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Giant waves: Tall tales or alarming fact?

By Professor Paul Taylor, special to CNN
The 19th century print "In the Hollow of a Wave off the Coast at Kanagawa" by the Japanese artist Hokusai.
The 19th century print "In the Hollow of a Wave off the Coast at Kanagawa" by the Japanese artist Hokusai.
  • The QE2 was hit by a giant wave while en route from Cherbourg to New York
  • In 1995 a sensor in the central North Sea recorded a giant 60ft wave crest
  • Engineers and architects should design for waves that are bigger than expected

Editor's note: Professor Paul H. Taylor is Shell-Pocock Fellow in Civil Engineering And Director of Studies for Engineering Science at Keble College and Department of Engineering Science at the University of Oxford

London, England (CNN) -- Cinemagoers will be familiar with the thrill of giant waves.

But what most people do not know is that the film "The Poseidon Adventure" was based on an incident involving the Queen Mary in World War II.

The famous liner was hit side-on by a giant wall of water while she was carrying 15,000 American troops to Britain in 1942. The ship listed to an astonishing 52 degrees and almost capsized.

Read how deadly wave struck Mediterranean cruise ship

More recently, "The Perfect Storm" will be familiar to most, providing an account of the sinking of the Andrea Gail south of Newfoundland in 1991.

Waves have been a source of fascination ever since mankind first gazed at the ocean, and the sea has been a favorite subject for many artists over the centuries.

Romantic artist William Turner painted many storm scenes including the Bell Rock Lighthouse off the coast of Scotland -- a building of considerable engineering interest and with a family connection to Robert Louis Stevenson of "Treasure Island" fame.

Video: Two killed by giant wave
Video: Deadly wave's storm

The 19th century print "In the Hollow of a Wave off the Coast at Kanagawa" by the Japanese artist Hokusai, showing a giant breaking wave about to engulf some unfortunate fishermen, is now re-interpreted almost daily in popular culture.

The open ocean in winter can be an unpleasant place. In 1995 the liner QE2 was en route from Cherbourg in France to New York when she was hit by a giant wave. Her captain subsequently described the encounter as seeing a wall of water "as though the ship was headed for the white cliffs of Dover."

The consequences of oceanic yacht racing in bad weather are regularly reported. There is nothing new in this: Joshua Slocum, the first man to sail single-handed around the world in the late 19th century, describes surviving a giant wave off the coast of Patagonia.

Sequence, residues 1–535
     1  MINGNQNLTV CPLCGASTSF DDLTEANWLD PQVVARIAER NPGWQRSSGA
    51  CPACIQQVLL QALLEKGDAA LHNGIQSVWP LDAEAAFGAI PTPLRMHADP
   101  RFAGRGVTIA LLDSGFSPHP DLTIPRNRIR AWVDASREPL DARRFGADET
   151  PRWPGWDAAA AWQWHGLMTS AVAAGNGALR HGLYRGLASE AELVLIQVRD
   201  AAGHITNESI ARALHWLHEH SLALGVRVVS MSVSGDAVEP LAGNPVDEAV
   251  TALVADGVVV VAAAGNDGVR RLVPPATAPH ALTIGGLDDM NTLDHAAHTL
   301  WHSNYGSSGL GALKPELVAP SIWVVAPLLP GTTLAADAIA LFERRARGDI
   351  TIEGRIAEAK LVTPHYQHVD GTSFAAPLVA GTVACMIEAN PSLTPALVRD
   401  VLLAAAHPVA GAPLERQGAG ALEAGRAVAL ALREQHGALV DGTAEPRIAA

In fact there are remarkable similarities between the various accounts of seafarers' encounters with giant waves: Walls of water, a hole in the ocean, and a train of rollers. But what does modern research have to say about such descriptions?

First, such giant waves are rare, and seldom recorded by reliable oceanographic instruments. However, on January 1, 1995, a sensor on a platform in the central North Sea recorded a giant 60ft high wave crest, so "freak" waves are not just mariners' tall tales.

Such waves are thought to be very rare, but just how rare? What physics drives such waves? Is a "wall of water" plausible?

Computer simulations can now be made which incorporate much of the known physics of waves.

These can give information on the dynamics of giant waves and show that there is a tendency to form a high and long-crested event, which if steep enough, would match descriptions of a "wall of water."

Just as a wall is possible, so is a deep trench -- often described as a "hole in the ocean." Both can appear in simulations, it is simply a question of where the extreme event forms relative to the unfortunate observer. Such simulations are best visualized as computer-generated movies.

While computer simulations are possible, there is still the need for explanation and interpretation.

The simplest model to reproduce the basic properties of the simulations is the nonlinear Schrödinger equation -- an equation belonging to an area of applied mathematics investigated extensively over the last 40 years.

The basic process is related to the local concentration of energy that occurs when large waves form. Large waves move faster than small ones, causing a group of large waves to contract along the direction of propagation.

Like squeezing a tube of toothpaste, the energy is forced out sideways -- extending the length of the wave crests, and appearing to an observer as "a wall of water."

From the application of sophisticated mathematics we return to the real ocean.

It is important to appreciate that some degree of risk is inevitable. Large waves can occur and they may be larger than those a structure or ship is designed for.

Engineers and naval architects should not produce a design that will just survive the "design wave." Instead, designs should be robust -- able to survive, perhaps with damage, if waves greater than those anticipated should occur.

I described some work in this area in a lecture I gave in London in 2008, after which members of the audience came to tell me about their own encounters with giant waves on cruises in various parts of the world.